One of the most annoying things the media does is focus on the horse-race aspect of politics. Who’s the front-runner? Has Candidate A’s “gaffe” affected their chances? Has the president/senator/governor’s new policy hurt him with the voters? Never mind whether the policy is good or bad, helps or hurts. Don’t worry about whether the gaffe indicates deep-seated racism rather than just a fumblemouth. What matters is strictly how it affects the polls. Or how it might affect the polls.
It was the late 1990s when it first sunk in how useless this was. I forget the specifics, but there was a major news article about whether Texas Gov. George W Bush’s recent initiative meant he was no longer the front runner for the Republican nomination. Despite the fact he hadn’t even announced his run. Despite the fact it was more than a year, IIRC, before the election. Which made the article meaningless. But way easier than detailing the effects of the policy. Writing about government takes work; writing about the horse race or personality conflicts is relatively easy and doesn’t take much research. And if your predictions are wrong, hey, nobody’s going to be too pissed.
The past year or so, I’ve noticed something equivalent on the left-wing blogs I follow. To wit, endless speculation about where this country is headed and how bad it’s going to get. It’s more serious than handicapping the elections, but I’m starting to think most of it is just as vacuous. In the past few months I read posts speculating Trump might quit before the election, might quit after he lost, might just retire to Mar-a-Lago to sulk, might simply sit in the White House and refuse to leave, might proclaim martial law. Or that Biden and the Democrats would eagerly try to reach across the aisles and let Republicans block them at every turn.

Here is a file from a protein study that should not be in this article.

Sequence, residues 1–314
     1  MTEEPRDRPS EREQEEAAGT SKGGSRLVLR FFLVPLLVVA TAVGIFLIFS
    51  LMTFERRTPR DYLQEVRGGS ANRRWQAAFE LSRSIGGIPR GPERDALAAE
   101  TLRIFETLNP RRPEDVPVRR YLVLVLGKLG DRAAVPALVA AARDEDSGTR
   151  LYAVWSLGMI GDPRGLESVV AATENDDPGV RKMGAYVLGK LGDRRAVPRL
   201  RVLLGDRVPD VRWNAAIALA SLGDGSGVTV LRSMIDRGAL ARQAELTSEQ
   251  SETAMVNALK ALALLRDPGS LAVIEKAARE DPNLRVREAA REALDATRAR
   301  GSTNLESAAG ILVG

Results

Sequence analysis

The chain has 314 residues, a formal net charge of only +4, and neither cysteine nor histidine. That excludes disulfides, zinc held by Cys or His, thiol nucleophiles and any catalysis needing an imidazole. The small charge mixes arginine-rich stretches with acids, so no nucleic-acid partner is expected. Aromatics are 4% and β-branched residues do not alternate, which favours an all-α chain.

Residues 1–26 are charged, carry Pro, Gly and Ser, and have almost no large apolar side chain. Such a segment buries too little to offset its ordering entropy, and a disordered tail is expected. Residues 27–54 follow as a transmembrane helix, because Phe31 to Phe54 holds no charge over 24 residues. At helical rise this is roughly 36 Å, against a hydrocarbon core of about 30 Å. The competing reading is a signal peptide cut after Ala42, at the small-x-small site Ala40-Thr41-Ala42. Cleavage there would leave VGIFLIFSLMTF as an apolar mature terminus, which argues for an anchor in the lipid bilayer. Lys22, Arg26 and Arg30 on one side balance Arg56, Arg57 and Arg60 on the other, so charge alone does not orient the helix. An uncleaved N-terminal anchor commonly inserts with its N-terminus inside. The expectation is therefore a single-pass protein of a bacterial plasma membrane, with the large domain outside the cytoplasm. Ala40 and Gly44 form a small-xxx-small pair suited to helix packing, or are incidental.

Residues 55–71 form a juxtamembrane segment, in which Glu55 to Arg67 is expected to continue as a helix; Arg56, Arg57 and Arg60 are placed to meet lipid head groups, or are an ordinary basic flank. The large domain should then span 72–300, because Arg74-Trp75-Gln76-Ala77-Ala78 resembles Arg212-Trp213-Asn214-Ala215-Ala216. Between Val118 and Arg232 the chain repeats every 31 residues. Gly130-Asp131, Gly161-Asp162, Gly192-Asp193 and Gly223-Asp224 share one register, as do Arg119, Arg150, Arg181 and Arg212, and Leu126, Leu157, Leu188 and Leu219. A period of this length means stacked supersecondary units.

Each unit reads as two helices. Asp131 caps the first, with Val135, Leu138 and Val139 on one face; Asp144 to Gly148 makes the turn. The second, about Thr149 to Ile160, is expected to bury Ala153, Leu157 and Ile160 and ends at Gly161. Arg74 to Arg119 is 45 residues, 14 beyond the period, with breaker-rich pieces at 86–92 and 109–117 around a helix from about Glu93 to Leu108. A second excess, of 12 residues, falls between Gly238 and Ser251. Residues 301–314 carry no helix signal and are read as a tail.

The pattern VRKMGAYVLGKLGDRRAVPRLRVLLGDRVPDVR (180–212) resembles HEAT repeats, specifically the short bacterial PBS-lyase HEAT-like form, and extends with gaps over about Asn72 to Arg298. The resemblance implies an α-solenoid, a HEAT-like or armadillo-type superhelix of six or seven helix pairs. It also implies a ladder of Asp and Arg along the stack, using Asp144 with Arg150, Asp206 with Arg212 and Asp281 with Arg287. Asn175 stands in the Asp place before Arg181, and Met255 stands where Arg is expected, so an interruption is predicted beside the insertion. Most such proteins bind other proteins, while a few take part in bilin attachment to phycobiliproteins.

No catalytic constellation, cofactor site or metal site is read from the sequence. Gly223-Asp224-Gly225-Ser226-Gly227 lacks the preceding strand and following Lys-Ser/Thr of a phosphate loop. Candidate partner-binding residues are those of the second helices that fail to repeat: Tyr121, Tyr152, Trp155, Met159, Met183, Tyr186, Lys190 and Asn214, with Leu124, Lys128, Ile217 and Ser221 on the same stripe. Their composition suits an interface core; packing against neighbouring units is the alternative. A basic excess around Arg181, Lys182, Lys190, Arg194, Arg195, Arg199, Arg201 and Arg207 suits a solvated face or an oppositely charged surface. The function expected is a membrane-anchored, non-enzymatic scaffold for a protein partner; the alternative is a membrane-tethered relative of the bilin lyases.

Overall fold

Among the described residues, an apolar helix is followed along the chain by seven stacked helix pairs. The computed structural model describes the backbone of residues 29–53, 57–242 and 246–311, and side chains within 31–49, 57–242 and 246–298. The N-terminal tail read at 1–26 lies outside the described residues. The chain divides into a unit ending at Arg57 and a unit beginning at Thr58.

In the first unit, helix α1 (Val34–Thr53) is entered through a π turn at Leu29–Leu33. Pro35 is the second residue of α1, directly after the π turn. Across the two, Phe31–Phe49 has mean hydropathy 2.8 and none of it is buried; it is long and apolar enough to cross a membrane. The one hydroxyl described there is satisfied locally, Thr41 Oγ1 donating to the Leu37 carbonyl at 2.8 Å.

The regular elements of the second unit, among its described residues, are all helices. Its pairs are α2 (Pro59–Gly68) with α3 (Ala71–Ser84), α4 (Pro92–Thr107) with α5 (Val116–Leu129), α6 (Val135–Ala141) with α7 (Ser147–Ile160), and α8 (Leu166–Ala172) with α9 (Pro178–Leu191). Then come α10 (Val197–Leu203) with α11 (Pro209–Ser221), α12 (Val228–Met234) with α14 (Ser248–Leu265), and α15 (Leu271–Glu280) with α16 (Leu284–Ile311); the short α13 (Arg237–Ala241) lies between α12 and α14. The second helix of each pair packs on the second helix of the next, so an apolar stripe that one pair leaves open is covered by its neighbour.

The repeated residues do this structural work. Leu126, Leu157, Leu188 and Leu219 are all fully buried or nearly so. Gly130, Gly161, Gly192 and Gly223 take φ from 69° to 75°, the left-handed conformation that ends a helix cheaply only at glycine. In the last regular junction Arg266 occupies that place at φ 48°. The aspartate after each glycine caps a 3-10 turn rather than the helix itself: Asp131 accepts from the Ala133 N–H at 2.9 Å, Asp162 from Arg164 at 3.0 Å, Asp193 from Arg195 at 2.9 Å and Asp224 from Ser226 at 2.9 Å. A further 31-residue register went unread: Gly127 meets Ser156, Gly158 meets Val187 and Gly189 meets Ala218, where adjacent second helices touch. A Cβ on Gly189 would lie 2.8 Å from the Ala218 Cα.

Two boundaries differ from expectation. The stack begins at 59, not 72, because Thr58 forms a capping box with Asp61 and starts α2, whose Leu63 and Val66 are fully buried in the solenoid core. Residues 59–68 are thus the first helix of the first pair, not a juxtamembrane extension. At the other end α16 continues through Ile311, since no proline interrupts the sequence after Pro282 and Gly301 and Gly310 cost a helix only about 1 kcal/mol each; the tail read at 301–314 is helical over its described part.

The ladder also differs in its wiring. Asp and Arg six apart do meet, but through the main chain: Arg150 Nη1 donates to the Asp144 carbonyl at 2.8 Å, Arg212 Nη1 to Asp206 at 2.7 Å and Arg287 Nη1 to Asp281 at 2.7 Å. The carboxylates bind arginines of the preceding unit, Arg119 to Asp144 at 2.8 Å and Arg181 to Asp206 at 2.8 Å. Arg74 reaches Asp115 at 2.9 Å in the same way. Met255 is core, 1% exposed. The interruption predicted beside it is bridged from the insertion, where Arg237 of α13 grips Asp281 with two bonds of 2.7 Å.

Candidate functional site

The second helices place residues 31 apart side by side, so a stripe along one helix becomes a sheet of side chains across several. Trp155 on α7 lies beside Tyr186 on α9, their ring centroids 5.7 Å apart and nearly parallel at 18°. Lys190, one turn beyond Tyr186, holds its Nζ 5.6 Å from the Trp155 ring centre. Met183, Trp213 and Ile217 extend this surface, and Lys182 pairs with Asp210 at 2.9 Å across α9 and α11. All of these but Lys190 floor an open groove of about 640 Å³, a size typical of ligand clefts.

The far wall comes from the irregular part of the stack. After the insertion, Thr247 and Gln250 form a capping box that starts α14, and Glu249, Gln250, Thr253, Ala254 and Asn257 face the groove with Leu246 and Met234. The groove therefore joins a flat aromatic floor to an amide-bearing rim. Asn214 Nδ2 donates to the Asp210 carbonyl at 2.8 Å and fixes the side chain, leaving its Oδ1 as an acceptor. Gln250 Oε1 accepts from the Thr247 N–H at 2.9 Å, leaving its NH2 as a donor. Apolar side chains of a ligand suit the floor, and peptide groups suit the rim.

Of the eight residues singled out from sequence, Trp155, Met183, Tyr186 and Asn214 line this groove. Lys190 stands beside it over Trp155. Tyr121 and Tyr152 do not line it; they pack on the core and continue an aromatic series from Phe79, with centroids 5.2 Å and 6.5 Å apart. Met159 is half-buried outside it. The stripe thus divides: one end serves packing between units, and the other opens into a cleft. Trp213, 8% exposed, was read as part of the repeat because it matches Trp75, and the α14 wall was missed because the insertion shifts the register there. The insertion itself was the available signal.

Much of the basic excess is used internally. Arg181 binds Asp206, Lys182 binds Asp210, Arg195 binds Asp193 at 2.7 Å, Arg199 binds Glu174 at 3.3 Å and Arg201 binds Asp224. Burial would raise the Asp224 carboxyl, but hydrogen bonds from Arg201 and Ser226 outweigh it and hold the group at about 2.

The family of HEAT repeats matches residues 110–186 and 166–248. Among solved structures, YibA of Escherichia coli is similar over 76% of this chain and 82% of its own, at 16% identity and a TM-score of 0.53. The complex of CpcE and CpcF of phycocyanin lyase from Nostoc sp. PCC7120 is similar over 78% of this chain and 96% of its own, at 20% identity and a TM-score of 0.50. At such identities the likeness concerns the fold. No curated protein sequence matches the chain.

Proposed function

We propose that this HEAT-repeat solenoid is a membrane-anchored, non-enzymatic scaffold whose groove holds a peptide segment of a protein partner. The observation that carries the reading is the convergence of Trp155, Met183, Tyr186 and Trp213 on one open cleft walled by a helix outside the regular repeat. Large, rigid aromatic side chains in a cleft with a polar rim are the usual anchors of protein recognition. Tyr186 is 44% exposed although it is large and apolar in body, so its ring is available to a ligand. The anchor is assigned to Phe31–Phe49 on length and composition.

Now I’m seeing speculation about Marjorie Taylor Greene and whether she’ll run in 2024 and whether she could win if she ran. I’ve heard the same speculation about Trump’s kids. I’ve read (and linked to) lots of speculation about where the Republicans will go post-Trump (and where Trump will go post-presidency) It’s beginning to feel less like “we need to prepare for the next coup attempt” (we certainly do) than a reflexive “aaah, what’s going wrong next?” kind of panic reaction. It’s understandable; the past four years have been all about the U.S. going in horrifyingly unexpected directions, as W did 20 years ago (I don’t think anyone predicted the U.S. president would claim the power to detain any individual indefinitely without trial, based on his personal assertion, and that the government would largely let him get away with it). But I’m not sure speculating about who the Republican front runner will be in 2024 actually prepares us.